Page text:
Skidmore, Chris 1981-
Skidmore, Chris 1981-
Born 1981, in Bristol, England. Education: Christ Church, Oxford, England, received degree, 2002.
Journalist and historian. Reporter, Western Daily Press (Bristol, England) and People magazine; reviewer, Living History magazine. Advisor and researcher for city of Bristol, European Capital City of Culture 2008 competition; research assistant to Robert Lacey for "Great Tales of English History" series. Advisor, David Willetts, Member of Parliament (MP), shadow secretary for education.
Gibbs Prize, Christ Church, Oxford, England, 2002.
Chris Skidmore's Edward VI: The Lost King of England is a biography of the only legitimate son of Henry VIII. Skidmore, a former journalist who studied history at Oxford University, pursued Edward VI's story in part because of the contrast between the reigns of his father and those of his two sisters, Mary I and Elizabeth I. In the popular imagination, stated Hilary Mantel in the London Guardian, "Henry VII is a desiccated calculating machine, his son a syphilitic roaring boy. Mary is a hysterical sadist; Elizabeth is a minx who ages into a pantomime dame. Between them, like a trick of the light, slides the spindly form of Edward, king at nine, dead at 16."
Historians have always found Edward to be a bit of an enigma among the other, more colorful members of the Tudor dynasty. This can partly be attributed to his youth; he was under the supervision of his tutor Sir John Cheke for much of the time he was nominally ruling England, and the actual business of governing was left to his uncle Edward Seymour, the Lord Protector and Duke of Somerset, and members of the regency council. "But Edward brought something of his own to the Tudor family business," Mantel continued. "He had a sombre, highly developed sense of duty and what seems like an impersonal coolness in his dealings with other people; possibly ideas excited him more." By drawing on primary sources for Edward's reign—including the boy king's own diary and his correspondence with his two sisters and his stepmother—Skidmore recreates the tensions and conflicts that characterized Edward's six-year reign as king of England.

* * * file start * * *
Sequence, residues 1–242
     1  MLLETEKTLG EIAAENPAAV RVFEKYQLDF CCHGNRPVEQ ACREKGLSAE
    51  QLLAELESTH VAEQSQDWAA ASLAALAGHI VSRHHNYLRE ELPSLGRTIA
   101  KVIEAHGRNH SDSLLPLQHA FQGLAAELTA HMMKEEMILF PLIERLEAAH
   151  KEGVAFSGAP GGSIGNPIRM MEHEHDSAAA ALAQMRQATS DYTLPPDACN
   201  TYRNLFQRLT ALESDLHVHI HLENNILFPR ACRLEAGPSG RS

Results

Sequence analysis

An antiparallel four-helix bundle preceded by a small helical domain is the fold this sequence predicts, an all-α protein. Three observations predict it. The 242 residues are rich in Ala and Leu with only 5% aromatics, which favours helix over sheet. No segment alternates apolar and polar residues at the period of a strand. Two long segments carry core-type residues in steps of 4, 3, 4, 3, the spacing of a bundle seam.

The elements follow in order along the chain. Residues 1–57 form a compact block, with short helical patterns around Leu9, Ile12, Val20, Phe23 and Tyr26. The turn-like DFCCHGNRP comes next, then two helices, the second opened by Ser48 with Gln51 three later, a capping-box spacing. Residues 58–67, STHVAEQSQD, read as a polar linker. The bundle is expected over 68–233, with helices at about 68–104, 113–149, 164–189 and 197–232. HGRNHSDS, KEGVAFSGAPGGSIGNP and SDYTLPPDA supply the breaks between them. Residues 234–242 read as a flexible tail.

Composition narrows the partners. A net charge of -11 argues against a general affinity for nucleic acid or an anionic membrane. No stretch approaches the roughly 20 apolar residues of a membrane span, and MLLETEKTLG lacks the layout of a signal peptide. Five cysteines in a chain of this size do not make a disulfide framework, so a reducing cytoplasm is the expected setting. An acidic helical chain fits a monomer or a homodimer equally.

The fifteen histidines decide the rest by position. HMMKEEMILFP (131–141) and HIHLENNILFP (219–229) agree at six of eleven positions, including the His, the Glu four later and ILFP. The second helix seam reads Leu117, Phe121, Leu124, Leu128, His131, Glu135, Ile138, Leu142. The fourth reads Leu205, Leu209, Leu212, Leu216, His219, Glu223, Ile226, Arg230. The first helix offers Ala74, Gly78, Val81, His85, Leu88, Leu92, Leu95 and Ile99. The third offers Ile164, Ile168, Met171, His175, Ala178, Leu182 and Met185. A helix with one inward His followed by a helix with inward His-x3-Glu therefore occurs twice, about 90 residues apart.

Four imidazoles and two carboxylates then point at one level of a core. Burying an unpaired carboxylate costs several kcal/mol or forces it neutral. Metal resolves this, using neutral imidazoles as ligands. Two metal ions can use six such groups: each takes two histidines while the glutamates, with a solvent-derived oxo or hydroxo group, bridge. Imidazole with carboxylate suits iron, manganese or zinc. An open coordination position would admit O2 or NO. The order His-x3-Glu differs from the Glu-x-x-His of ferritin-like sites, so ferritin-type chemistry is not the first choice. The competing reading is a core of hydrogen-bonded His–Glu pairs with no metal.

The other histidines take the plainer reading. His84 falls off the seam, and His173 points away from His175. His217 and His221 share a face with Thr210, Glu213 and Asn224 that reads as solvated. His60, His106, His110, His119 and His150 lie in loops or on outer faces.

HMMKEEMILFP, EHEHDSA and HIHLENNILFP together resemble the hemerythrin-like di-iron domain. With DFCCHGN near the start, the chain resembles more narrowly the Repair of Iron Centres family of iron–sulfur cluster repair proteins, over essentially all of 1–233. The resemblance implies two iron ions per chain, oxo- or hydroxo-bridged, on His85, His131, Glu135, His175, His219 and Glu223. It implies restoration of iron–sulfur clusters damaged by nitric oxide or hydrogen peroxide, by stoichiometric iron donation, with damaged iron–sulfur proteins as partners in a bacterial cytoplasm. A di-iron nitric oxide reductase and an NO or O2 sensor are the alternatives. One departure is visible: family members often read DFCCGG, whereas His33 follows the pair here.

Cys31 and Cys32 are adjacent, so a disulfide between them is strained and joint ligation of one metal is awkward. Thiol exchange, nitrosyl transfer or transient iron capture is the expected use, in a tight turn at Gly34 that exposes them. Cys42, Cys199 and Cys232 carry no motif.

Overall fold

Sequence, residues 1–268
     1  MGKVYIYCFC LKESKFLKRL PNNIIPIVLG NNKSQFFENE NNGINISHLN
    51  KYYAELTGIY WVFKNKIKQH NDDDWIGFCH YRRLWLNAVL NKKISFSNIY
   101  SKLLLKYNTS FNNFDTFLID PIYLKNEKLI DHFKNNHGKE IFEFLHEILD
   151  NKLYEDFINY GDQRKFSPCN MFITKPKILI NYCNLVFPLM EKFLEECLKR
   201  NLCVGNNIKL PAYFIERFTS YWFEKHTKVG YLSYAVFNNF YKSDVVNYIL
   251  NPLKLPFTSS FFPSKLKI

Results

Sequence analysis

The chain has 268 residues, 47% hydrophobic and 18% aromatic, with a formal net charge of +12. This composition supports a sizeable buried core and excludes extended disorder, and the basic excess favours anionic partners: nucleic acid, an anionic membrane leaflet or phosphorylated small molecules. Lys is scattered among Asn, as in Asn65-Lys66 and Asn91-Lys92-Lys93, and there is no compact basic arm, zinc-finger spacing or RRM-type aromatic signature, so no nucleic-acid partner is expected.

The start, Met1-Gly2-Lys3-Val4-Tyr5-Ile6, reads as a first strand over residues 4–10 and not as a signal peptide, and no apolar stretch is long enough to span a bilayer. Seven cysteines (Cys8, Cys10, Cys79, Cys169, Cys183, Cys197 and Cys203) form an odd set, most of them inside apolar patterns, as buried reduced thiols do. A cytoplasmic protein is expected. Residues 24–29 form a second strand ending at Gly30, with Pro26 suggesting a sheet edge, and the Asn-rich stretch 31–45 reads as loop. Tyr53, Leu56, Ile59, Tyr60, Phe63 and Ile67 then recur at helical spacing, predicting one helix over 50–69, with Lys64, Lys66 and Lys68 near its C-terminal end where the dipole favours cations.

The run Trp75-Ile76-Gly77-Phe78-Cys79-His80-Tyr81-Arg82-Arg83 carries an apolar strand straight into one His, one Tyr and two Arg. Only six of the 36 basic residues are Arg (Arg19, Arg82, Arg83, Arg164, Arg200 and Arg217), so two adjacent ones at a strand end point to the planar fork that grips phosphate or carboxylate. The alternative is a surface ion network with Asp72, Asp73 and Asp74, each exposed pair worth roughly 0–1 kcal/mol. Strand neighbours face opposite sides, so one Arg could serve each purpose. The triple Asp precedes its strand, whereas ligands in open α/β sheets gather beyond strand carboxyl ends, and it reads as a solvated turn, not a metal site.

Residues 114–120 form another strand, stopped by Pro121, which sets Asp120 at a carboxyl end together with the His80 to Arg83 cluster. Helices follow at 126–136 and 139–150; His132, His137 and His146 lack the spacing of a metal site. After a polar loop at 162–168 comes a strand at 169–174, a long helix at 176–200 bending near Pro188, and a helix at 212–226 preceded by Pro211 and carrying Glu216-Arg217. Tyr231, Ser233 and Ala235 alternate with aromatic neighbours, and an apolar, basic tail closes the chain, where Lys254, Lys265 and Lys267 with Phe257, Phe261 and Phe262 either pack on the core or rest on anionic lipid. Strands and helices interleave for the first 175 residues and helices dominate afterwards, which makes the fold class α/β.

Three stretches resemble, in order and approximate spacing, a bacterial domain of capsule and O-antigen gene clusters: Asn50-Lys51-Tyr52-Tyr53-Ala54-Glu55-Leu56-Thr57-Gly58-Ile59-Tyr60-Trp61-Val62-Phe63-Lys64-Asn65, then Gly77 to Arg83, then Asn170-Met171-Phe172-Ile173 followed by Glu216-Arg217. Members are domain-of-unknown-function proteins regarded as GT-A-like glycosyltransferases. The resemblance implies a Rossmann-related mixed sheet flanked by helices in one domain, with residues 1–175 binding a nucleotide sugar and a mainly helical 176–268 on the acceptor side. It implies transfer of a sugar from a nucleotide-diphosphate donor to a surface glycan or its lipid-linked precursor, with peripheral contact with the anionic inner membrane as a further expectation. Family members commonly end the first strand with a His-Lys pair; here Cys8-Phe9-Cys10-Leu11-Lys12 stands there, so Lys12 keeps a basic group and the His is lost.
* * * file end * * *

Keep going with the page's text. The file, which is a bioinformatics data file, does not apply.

Just as dramatic as his description of the boy king's short reign is Skidmore's account of the conflict between the individuals who sought to control him—and, through Edward, the future of the realm of England. The key figure in the struggle is Edward's eldest uncle, Somerset. Functioning as Lord Protector, the officer who exercised royal authority in the name of the underage king, Somerset selected the major servants of the crown while exercising personal control in other areas of Edward's kingship. Among other policy decisions, Somerset allowed his younger brother Thomas Seymour, Lord of Sudeley, to marry Henry VIII's widow, Catherine Parr. When Thomas overreached himself, however, Somerset had him condemned and executed. Soon afterward, Edward had to acquiesce in Somerset's own death, on the grounds that the Lord Protector had embezzled from the king's property. Skidmore arranges "the many attempts at sedition, treachery and treasonous activities (some real, some imagined) that characterized this period of English history, collecting disparate accounts, … to form a slow accretion of detail that provides a highly entertaining read," stated a Kirkus Reviews contributor.
Historians agree that the most significant aspect of Edward's era is the emergence of an independent English church following Henry VIII's break with the papacy. Between 1529 and 1536, Henry VIII's Parliaments passed a series of acts that stripped the Roman Catholic Church of authority in England. The king was given the position and power in the English Church that the pope had previously had, but little else was changed. Under Edward, and with his support, however, reformers like Somerset and his successor, the duke of Northumberland, launched efforts that heavily Protestantized the English Church. Both Somerset and the Duke of Northumberland "worked toward the expansion of Henry [VIII]'s Reformation of the English Church," Stewart Desmond stated in a review for Library Journal. Desmond added that both men were entirely supported by "the maturing, scholarly, … Protestant king." "Young Edward was scholarly, studied theology and left more than 100 essays, one of them denouncing the papacy," explained a Publishers Weekly reviewer. Skidmore "has researched widely and presents as good a case for Edward as he can," concluded a Contemporary Review critic.
BIOGRAPHICAL AND CRITICAL SOURCES:
Booklist, September 1, 2007, Mary Ellen Quinn, review of Edward VI: The Lost King of England, p. 41.
Contemporary Review, September 22, 2007, review of Edward VI, p. 399.
Guardian (London, England), January 13, 2007, Hilary Mantel, "Reigning in Vain," review of Edward VI.
Kirkus Reviews, October 1, 2007, review of Edward VI.
Library Journal, August 1, 2007, Stewart Desmond, review of Edward VI, p. 97.
Publishers Weekly, September 10, 2007, review of Edward VI, p. 49.
Spectator, January 20, 2007, "All Too Minor to Matter," review of Edward VI.
Times Higher Education Supplement (London, England), March 23, 2007, "Myth and Mirage of England's Boy King," review of Edward VI, p. 26.
Times Literary Supplement (London, England), June 22, 2007, "Unfinished Business," review of Edward VI, p. 26.
Orion Publishing Web site,http://www.orionbooks.co.uk/ (July 24, 2008), author profile.